The All India Muslim Personal Law Board (AIMPLB) on Friday told the Supreme Court that "personal laws cannot be re-written in the name of social reforms".
Submitting its response in connection with the ongoing matter on the 'triple talaq' issue, the AIMPLB said, "Personal laws cannot be challenged as violative of Part III of the Constitution." The triple talaq is a provision granted to Muslim men under Muslim personal law. It gives them the right to divorce their wives by simply stating their intention three times orally.
In justifying its demand, the board made some shocking statements about women and their status within marriage.
"When serious discords develop in a marriage and husband wants to get rid of wife, legal compulsions and time consuming judicial process....in extreme cases husband may resort to illegal criminal ways of getting rid of her by murdering her. In such situations, the triple talaq is a better recourse," it told the apex court.
"Marriage is a contract in which both parties are not physically equal. Male is stronger and female is a weaker sex. Securing separation through court takes a long time deters prospects of remarriage," it added.
The AIMPLB further said that polygamy as a practice is not for gratifying men's lust, but it is a social need. It also said that Article 44 of the non-binding directive principles — which says that the state shall endeavour to secure a Uniform Civil Code — is not enforceable by virtue of the fact that it is a directive.
"The Uniform Civil Code is a directive principle and not enforceable. The personal laws are protected by Article 25, 26 and 29 of the Constitution as they are acts done in pursuance of a religion," the board argued.
The apex court had last week issued a notice to the central government on the plea of a Muslim woman challenging the constitutional validity of 'triple talaq' to end a marriage.
The petitioner, Ishrat Jahan, has sought a declaration from the apex court, saying that Section 2 of the Muslim Personal Law (Shariat) Application Act, 1937, was unconstitutional as it violated fundamental rights guaranteed under Articles 14 (equality), 15 (non-discrimination), 21 (life) and 25 (religion) of the Constitution.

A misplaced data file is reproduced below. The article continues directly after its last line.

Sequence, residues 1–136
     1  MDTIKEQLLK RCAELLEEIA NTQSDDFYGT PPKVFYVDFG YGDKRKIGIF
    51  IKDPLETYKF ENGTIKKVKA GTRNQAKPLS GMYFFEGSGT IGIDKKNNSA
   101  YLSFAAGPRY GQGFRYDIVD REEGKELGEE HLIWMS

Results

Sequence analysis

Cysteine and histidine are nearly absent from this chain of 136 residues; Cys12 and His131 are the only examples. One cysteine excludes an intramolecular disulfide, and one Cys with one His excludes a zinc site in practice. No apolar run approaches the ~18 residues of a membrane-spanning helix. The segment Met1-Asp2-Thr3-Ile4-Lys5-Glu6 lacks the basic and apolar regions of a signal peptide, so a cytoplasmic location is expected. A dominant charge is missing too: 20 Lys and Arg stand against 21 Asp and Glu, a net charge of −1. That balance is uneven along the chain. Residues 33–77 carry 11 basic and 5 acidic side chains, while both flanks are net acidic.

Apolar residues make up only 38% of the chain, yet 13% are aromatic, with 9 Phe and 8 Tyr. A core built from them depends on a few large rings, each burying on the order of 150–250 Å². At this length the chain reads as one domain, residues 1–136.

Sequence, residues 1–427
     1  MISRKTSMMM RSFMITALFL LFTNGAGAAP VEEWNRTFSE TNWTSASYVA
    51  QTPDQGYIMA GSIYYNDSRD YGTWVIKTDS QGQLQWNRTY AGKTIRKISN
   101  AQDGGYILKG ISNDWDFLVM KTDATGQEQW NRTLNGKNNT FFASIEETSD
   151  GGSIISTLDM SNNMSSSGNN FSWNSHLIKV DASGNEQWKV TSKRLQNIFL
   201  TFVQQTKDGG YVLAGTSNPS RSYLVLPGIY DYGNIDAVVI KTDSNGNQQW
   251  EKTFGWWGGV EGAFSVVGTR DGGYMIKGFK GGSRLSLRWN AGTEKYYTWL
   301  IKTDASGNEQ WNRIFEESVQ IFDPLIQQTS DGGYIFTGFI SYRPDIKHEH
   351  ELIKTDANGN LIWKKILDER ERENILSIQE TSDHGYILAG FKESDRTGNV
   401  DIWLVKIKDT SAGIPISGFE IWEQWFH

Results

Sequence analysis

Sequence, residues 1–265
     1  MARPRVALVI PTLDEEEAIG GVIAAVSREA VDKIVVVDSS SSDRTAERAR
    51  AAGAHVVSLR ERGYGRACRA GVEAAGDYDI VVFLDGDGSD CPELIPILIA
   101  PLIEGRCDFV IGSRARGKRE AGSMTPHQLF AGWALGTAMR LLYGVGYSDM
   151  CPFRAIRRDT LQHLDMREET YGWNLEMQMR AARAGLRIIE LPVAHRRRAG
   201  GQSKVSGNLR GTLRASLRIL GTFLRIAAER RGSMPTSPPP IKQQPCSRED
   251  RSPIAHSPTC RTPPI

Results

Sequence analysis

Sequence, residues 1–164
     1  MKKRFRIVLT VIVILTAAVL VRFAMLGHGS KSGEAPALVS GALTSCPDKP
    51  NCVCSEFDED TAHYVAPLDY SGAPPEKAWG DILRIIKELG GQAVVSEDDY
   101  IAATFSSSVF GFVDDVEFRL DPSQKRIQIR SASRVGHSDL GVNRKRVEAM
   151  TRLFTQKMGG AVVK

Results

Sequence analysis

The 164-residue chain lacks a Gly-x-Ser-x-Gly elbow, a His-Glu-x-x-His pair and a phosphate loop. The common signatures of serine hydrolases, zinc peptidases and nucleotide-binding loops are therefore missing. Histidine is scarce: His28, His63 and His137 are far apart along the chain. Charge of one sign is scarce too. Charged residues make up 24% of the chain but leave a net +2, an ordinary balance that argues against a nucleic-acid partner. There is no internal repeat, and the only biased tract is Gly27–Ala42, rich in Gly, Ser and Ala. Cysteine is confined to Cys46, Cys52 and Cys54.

In her petition, Jahan questioned whether an arbitrary and unilateral divorce through triple talaq can deprive the wife of her rights in her matrimonial home as well as her right to have the custody of her children.
This is not the first such type of petition that has been presented before the Supreme Court as Uttarakhand-based Shayara Banu and the Rashtrawadi Muslim Mahila Sangh, through its president Farah Faiz, have raised similar queries. All India Muslim Women Personal Law Board (AIMWPLB) President Shaista Ambar has also demanded that the triple talaq system be abolished.
At the last hearing in the Supreme Court in June, AIMPLB had pointed out an existing ruling which barred courts from examining the validity of personal law practices. At the time, advocate Indira Jaising, who appeared for two NGOs, had pointed out that AIMPLB was referring to an old judgement given by the first Indian chief justice of the Bombay High Court. The Supreme Court bench then said it had "an open mind on the issue", The Times of India reported.
On July 29, the apex court had favoured a wider debate on the petitions challenging the validity of the triple talaq. The Centre has also set up a high-level committee to review the status of women in India and it has recommended a ban on the practice of oral, unilateral and triple talaq and polygamy.
(Written with ANI reports)
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